Outgoing United States presidents can be a bit petulant. The lame duck period is rarely a productive time for a president, and through the course of four to eight years they undoubtedly make some enemies they would like to payback.
Sometimes this petulance is directed at a successor, the most trivial case being petty office vandalism of the out-going employees of the President Clinton administration and the most manifestly irresponsible case being the dumping of U.S. troops in Somalia by the out-going President George H.W. Bush to bolster his own image in the wake of electoral defeat and throw a live grenade into Clinton’s lap.
President Barack Obama, by all accounts, appears to be doing all he can to help his successor make the transition. Instead, it seems that Obama is saving his wrath for those he quite reasonably believes screwed him during his term as president: Israel and Russia.
Last Friday, the U.S. abstained from a vote at the United Nations Security Council on a resolution that condemned Israel’s illegal settlement building in the West Bank. As a permanent member of the UN Security Council, the US could have vetoed the motion to ensure it did not pass—something the U.S. has consistently done prior and during Obama’s presidency with other resolutions targeting Israel.
While the White House defended the abstention and Secretary of State John Kerry followed up with an exhaustive speech on the virtues of the two-state solution, the Israeli Prime Minister Benjamin Netanyahu has a rather strong case that the move was meant chiefly to embarrass Israel and him, not to help the peace process.
The Obama Administration made it clear after the vote that any attempts to sanction Israel would be vetoed, making the entire effort moot if the point was to use the UN to pressure Israel into making concessions or a general deal with the Palestinians.
Obama had good reason to kick Prime Minister Netanyahu in the pants. Netanyahu had walked all over Obama during his presidency, smearing him in the press and even taking the unprecedented step of denouncing President Obama in a speech before the U.S. Congress.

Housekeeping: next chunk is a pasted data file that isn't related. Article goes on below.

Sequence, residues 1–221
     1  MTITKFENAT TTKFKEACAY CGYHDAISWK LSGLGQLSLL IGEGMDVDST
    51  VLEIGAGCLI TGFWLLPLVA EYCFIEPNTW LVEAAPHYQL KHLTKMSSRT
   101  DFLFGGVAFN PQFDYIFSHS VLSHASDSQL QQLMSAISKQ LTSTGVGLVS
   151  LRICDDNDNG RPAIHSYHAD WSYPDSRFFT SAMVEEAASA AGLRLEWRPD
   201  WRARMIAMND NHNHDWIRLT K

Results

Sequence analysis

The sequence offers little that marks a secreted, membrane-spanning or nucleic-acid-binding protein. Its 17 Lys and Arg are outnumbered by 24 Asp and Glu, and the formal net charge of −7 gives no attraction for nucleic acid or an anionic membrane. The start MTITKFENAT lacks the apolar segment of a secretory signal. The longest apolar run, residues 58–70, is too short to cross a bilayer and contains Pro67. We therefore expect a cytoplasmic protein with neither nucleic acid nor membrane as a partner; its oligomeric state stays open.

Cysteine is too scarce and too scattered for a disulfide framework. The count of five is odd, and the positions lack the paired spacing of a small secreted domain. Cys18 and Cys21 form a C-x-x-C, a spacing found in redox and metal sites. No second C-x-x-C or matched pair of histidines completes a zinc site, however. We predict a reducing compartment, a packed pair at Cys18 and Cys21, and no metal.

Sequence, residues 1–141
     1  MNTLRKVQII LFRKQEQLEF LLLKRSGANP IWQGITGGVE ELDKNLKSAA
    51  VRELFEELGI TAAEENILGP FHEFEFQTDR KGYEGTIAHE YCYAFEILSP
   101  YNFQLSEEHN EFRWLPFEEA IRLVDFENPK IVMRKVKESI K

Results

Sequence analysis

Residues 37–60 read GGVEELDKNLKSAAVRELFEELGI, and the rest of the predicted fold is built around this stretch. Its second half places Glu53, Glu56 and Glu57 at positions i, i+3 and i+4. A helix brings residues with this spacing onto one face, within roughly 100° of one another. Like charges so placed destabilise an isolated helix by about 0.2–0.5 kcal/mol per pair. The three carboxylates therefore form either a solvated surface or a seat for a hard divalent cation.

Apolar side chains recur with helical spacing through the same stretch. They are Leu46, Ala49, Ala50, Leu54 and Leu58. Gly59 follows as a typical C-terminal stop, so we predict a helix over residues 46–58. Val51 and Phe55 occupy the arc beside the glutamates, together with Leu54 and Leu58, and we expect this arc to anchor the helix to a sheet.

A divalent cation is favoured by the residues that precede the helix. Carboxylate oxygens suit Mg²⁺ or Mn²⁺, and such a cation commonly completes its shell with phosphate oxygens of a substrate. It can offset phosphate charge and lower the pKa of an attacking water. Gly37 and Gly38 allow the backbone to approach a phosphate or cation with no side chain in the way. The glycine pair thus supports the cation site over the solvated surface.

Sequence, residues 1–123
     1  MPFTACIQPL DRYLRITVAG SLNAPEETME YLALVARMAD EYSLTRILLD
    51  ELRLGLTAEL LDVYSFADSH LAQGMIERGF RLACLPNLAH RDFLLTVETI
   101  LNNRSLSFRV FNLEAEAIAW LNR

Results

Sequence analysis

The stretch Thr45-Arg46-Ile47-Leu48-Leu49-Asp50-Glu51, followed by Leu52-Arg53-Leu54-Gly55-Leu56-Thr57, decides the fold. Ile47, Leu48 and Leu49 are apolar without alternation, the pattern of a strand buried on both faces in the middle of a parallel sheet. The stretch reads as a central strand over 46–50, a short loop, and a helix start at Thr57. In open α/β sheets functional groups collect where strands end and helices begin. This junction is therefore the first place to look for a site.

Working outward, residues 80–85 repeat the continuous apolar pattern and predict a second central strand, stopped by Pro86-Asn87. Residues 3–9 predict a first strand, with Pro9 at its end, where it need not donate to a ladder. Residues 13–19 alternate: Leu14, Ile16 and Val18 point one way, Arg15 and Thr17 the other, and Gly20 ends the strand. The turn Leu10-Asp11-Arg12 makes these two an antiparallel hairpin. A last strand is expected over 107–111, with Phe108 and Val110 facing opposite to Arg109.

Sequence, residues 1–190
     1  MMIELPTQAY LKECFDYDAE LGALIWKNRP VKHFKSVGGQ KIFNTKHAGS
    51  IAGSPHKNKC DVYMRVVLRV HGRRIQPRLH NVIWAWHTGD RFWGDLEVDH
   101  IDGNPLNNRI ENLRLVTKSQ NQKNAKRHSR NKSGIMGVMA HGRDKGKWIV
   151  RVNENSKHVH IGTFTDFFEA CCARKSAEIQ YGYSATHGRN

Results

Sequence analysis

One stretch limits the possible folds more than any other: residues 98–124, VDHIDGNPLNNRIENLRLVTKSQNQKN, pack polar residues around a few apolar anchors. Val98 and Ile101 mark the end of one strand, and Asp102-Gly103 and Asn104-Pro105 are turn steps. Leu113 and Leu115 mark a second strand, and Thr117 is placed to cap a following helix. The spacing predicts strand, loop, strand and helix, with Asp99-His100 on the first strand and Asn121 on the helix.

Prime Minster Netanyahu has subsequently accused Obama of helping engineer the resolution, which has now been denied by the Obama Administration.
The Israeli government claims it has proof of the Obama Administration’s involvement in drafting and promoting the resolution, and will provide it to President Trump.
In any case, there’s little doubt President Obama had a smile on his face watching Netanyahu squirm before the cameras as he struggled to explain to his people and the world why the UN successfully voted to condemn Israel and, by extension, his government.
President Obama’s relationship with Russia has been equally problematic. There’s little evidence Obama and Russian President Vladimir Putin have the kind of bitter animosity between them Obama and Netanyahu have. Nonetheless, the gamesmanship has been intense.
After a now much maligned “reset,” the Obama Administration proceeded to irritate Russia, first overthrowing and killing Muammar Gaddfi in Libya in 2011, then backing a coup in Ukraine in 2014. The Obama Administration has also been flooding Syria with U.S. money and guns as part of an ongoing effort to overthrow Russia-allied Syrian President Bashar al-Assad.
Russia has responded by jamming the Obama Administration all over the world, especially in Syria, where Russia has effectively work to sideline the U.S. Russia is allegedly part of an effort to damage the Democratic Party through hacking the DNC and Clinton confidant John Podesta and turning the information over to Wikileaks—something that so far remains unproven and has been explicitly denied by Wikileaks.
In the final analysis, these actions by President Obama on both Israel and Russia are likely to go nowhere. Obama’s successor has signaled his sympathy with both countries and appears poised to take a completely different position than Obama. But, it probably felt good to get some payback before it all comes to an end.